Trabectedin is an injection given over a 24-hour period to patients who suffer from certain types of cancer. It is used to treat liposarcoma and leiomyosarcoma. These types of cancer begin in fat cells or in smooth muscle tissue, respectively. This treatment is used if surgery to remove the cancer is out of the question and other parts of the patient's body have been affected.
A patient receiving this medication will already have undergone chemotherapy treatment. It is generally administered every three weeks during treatment. As a medication, trabectedin is classified as an alkylating agent, which halts the growth of, or at least hinders, the spread of the disease in areas of the body affected.
The medication Yondelis can offer the possibility of recovery to patients that have found other treatments for their liposarcoma or leiomyosarcoma insufficient or ineffective. There are negative side effects and complications associated with the use of this medication, and very rarely they may be serious or fatal.
The most common side effects associated with the use of trabectedin include tiredness, headache, joint pain, body aches, constipation, diarrhea, decreased appetite, and difficulty sleeping or falling asleep. It is common for patients using new medications to experience side effects at first, but these dissipate after the body has become more accustomed to treatment. If the patient experiences any of these side effects and they persist or worsen over time, they should contact their doctor.
Nausea and vomiting may occur, and there is the possibility that it may be severe. The patient’s doctor may prescribe medication to prevent or relieve this side effect, often administering it prior to the dose of trabectedin. If the patient experiences severe nausea and vomiting, they should contact their doctor immediately. Some strategies to help to prevent or lessen these effects include planning the day so that the patient eats several smaller meals rather than large ones, making sure not eat before treatment, and limiting physical activity as much as possible.
Pain, tenderness, or weakness in the muscles may indicate rhabdomyolysis. If the patient experiences these symptoms or signs of kidney problems (e.g. a change in the amount of urine), they should contact their doctor.
Patients that experience unusual bruising, bleeding, tiredness or paleness should contact their doctor immediately, in case they are suffering from myelosuppression as a result of taking trabectedin.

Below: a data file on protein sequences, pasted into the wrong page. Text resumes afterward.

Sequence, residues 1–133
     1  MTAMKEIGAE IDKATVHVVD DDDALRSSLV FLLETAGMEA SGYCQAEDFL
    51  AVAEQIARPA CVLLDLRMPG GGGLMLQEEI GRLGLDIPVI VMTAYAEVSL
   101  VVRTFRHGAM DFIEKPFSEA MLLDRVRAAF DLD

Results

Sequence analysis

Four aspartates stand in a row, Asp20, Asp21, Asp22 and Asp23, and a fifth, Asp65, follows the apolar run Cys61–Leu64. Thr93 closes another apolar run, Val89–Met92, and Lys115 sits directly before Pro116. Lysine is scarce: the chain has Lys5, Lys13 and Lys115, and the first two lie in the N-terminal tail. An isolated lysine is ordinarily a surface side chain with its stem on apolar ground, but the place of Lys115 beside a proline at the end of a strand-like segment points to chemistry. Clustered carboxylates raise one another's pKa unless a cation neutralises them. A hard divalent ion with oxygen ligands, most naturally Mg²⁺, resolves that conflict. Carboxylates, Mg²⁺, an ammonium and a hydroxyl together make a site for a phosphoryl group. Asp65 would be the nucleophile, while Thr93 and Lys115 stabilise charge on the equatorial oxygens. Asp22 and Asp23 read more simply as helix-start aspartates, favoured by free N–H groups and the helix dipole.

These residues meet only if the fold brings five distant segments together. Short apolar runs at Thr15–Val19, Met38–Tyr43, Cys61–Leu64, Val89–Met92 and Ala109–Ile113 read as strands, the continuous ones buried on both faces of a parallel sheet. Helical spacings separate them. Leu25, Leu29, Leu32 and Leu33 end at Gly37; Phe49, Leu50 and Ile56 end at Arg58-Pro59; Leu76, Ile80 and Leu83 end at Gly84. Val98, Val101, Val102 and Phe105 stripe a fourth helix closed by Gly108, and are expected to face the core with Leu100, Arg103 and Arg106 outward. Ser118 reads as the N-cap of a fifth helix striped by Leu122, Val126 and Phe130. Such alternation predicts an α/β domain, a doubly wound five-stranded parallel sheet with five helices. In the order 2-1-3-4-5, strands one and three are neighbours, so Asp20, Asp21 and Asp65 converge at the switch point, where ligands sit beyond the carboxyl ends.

Side effects associated with liver problems are increased if the patient drinks alcoholic beverages. Yellowing of the eyes or skin (jaundice), dark urine, severe stomach or abdominal pain, or persistent nausea and/or vomiting may be associated with the patient’s liver problems and the effects of this medication. The patient should not drink alcohol while taking trabectedin.
Chest pain, trouble breathing, coughing up blood, swelling of the ankles or feet, sudden unexplained weight gain, severe tiredness, or fast heartbeat may indicate a blood clot in the lungs or serious heart problems related to taking this medication. These side effects are rare but should be taken seriously if they occur.
This is not a comprehensive list of side effects. The patient may experience other side effects related to the use of trabectedin. If the symptoms seem serious or the patient experiences high levels of discomfort, they should contact their doctor.
Trabectedin is a powder that is mixed with a liquid and injected into the vein of the patient over a 24-hour period by a doctor or health care professional in a medical facility. The dosage is 1 milligram (mg) of lyophilized powder, found in a single-dose vial. The injection is generally administered every three weeks during treatment of trabectedin.
Often, the doctor will order a corticosteroid (e.g. dexamethasone, 20 milligrams [mg]) shot to lower the risk of liver problems or prevent certain common side effects (e.g. nausea or vomiting). This is usually administered 30 minutes prior to the dose of trabectedin.
Individual dosage is up to the patient’s doctor and will take into account variables such as height, weight, condition, response to treatment, lab results, among others. Patients should follow all instructions given by their doctor and/or the health professional who is administering the medication.
Certain medications may affect the body’s removal of trabectedin, possibly affecting its rate of success and/or possible side effects. These medications include, but are not limited to:
Eating grapefruit or drinking grapefruit juice while taking Trabectedin will have a negative effect on treatment and the patient should avoid it.
The patient should tell their doctor about all prescription and non-prescription medications they have taken or are currently taking. They should also be sure to include vitamins, nutritional supplements, and herbal products (especially St. John’s wort), as they may contribute to side effects while taking trabectedin.
The patient should tell their doctor if they are allergic to trabectedin or any other medications. The patient should also disclose other allergies, as this medication may contain inactive ingredients that may cause a reaction.